It’s very difficult to mass categorize the wonderful spirits of Scotland’s myriad collection of distilleries but if one were forced two, the easiest buckets to put them in are based on smokiness. On one side, we have the heavily “peated,” smokey stylings of Scotch produced on the island of Islay. On the other, we have absolutely no smoke and no peat and the most popular area for that is a toss up between the Highland region and Speyside.
Islay, Old Norse for Yula’s isle, is the home to such popular distillers as Laphroaig, Lagavulin, and Ardbeg. The distilleries are located on the coasts, with the most well known found on the southern end (including all those named). In all of Scotland, peat was the most plentiful source of fuel to roast the barley until the 60s, when better technology came around. Other areas converted to the newer technology. They are marked by a strong smokiness and peat character because they never converted to another fuel source, citing tradition.
Peatiness is a measurable characteristic and often calculated as parts per million (PPM) of phenol. Ardbeg is often considered the most peaty of all Scotch, including the Islays, and is a produce of Glenmorangie, which is a distillery better known for its own namesake Scotch distilled in the Highland region. The standard bottling of Ardbeg has a 50-60 ppm and they have a cask strength “Supernova” bottle (58.9% ABV) with a 100 ppm phenol count.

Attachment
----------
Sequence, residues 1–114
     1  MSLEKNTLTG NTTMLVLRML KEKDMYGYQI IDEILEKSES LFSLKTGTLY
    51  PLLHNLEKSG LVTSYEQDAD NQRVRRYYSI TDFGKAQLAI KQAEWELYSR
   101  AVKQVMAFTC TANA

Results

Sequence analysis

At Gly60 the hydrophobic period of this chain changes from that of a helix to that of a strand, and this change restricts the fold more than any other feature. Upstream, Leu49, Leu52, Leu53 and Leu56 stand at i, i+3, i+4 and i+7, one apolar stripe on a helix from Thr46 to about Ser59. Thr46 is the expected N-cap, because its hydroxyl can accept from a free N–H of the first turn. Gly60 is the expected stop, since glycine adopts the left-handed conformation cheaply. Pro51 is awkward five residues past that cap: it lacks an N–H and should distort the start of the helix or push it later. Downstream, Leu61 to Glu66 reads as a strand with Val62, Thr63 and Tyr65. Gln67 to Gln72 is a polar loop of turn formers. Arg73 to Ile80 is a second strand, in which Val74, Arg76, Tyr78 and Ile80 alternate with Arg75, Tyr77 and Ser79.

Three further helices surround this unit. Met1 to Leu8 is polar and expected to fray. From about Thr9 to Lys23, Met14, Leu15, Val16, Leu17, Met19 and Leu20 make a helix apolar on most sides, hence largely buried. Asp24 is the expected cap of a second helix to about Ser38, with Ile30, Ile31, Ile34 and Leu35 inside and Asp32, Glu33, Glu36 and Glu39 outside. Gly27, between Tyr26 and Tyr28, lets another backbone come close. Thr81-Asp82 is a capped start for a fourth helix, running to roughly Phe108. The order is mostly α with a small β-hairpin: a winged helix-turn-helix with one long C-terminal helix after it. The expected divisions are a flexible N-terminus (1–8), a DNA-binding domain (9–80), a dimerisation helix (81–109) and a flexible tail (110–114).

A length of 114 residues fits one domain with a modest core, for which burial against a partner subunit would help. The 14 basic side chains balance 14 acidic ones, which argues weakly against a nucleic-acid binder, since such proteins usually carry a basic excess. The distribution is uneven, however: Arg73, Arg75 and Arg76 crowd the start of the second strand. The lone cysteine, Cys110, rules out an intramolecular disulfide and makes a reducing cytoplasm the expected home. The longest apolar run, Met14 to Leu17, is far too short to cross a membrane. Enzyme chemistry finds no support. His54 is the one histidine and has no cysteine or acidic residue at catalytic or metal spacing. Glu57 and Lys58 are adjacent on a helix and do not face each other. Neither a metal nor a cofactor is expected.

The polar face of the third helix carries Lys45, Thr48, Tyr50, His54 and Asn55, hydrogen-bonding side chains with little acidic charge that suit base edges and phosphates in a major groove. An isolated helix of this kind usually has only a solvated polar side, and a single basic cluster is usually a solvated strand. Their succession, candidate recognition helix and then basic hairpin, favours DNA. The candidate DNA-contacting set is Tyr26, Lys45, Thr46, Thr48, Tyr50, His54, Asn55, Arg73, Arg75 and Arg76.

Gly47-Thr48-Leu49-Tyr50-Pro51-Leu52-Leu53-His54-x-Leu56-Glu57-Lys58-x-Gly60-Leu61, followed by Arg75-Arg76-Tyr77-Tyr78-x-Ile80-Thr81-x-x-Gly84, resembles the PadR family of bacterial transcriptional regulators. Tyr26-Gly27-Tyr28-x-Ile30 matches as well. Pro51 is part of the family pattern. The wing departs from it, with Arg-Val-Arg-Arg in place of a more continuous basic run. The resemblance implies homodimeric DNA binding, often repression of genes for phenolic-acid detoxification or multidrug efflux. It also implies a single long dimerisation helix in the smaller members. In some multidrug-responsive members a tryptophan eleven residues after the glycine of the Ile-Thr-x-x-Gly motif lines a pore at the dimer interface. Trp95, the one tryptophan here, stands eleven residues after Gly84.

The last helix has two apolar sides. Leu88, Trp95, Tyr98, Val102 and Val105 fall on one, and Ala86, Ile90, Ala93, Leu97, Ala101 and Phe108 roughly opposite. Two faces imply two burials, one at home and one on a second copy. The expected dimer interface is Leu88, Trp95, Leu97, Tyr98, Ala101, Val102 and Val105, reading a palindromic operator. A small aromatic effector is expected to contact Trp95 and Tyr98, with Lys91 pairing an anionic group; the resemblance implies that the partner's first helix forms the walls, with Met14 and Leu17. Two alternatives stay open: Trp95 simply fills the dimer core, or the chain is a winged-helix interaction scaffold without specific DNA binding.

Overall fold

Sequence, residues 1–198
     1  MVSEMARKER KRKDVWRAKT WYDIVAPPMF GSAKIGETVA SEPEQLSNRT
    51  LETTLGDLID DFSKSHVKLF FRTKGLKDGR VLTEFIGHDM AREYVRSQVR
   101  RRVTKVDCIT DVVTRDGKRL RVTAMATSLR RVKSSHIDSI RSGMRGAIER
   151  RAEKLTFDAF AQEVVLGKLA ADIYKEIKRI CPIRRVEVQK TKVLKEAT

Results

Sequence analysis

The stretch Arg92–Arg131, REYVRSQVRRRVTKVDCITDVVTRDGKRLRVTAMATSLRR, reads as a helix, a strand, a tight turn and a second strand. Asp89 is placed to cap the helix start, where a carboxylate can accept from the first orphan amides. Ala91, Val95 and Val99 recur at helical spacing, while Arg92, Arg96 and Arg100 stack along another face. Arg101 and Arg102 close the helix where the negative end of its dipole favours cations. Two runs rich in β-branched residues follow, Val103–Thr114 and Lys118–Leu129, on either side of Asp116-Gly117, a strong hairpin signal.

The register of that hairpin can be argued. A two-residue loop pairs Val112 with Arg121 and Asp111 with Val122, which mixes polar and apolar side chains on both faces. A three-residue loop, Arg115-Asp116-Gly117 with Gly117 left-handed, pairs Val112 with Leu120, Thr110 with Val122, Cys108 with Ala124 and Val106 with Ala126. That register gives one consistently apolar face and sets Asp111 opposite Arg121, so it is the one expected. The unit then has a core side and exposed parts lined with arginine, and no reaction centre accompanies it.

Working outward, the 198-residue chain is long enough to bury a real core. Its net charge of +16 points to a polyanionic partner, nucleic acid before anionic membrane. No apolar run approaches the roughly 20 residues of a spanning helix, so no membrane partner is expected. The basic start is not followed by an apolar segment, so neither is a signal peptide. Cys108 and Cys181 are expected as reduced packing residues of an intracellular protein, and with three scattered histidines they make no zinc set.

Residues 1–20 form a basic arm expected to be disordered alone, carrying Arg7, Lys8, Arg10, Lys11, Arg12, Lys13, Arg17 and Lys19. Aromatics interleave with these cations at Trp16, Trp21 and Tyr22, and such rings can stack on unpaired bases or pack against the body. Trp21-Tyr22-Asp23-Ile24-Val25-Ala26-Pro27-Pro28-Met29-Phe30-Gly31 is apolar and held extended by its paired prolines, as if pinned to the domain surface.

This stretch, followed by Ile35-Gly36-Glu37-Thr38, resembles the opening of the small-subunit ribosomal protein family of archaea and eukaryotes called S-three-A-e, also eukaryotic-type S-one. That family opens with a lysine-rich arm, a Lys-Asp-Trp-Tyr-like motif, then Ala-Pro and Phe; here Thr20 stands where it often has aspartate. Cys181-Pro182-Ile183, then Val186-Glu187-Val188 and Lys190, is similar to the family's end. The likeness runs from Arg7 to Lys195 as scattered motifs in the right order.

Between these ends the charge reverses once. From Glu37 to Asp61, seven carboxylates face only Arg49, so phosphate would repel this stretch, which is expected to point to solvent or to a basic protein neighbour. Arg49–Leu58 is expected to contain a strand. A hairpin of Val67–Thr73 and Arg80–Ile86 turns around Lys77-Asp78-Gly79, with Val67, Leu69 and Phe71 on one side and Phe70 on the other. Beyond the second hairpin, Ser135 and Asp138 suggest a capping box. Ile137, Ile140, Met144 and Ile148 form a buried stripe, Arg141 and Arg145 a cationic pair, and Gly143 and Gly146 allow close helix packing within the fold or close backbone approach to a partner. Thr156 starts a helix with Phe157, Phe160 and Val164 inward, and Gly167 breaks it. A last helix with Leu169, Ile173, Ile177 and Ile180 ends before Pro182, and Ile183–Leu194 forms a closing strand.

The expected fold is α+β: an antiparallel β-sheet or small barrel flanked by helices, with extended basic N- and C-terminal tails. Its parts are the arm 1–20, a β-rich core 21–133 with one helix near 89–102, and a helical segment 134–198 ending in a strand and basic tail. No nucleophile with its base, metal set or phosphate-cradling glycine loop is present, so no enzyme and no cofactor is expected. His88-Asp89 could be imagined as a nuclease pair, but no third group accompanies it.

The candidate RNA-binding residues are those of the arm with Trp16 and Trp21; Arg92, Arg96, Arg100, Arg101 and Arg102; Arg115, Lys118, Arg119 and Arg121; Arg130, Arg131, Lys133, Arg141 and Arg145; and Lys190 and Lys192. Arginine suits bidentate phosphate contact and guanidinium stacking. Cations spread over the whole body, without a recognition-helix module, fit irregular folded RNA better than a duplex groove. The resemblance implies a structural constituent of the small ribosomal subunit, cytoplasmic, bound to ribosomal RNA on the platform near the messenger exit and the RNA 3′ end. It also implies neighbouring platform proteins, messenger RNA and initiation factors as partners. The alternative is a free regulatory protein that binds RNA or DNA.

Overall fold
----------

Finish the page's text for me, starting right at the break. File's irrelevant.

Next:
Speyside, which is regarded as the area around the river Spey, scotch distilleries number in the several dozen. On a recent trip to the region, we passed a sign (or two or three) for a distillery every few minutes. The area is packed full of distilleries because many once tapped the river as a source of water, one of the critical ingredients in the production of Scotch. The Glenlivet and Glenfiddich, two of the best selling scotches (and The Macallan, one of the best known), hail from the region.
After the conversion to another fuel source in the 1960s, scotch dropped its peatiness and smokiness, which allowed other flavors to “get through.” If you read the tasting notes of various Highlands and Speysides, you’ll note a heavier emphasis on fruit notes and other complementary flavors like nutmeg and vanilla. Those flavors are often masked by smoke, which is why they are rarely used to describe Islays (or when used, are not emphasized).
Both styles are fantastic and the one you choose should depend on your mood. It also makes it easier to buy a gift for someone if you know which one they prefer. I am a fan of both “buckets” but sometimes people prefer one over the other (I know people who hate islays and those who think Speys are “boring”), so this can help you decide what to buy!
Image Credit: Islay map to Wikipedia, Speyside map to Moray Ways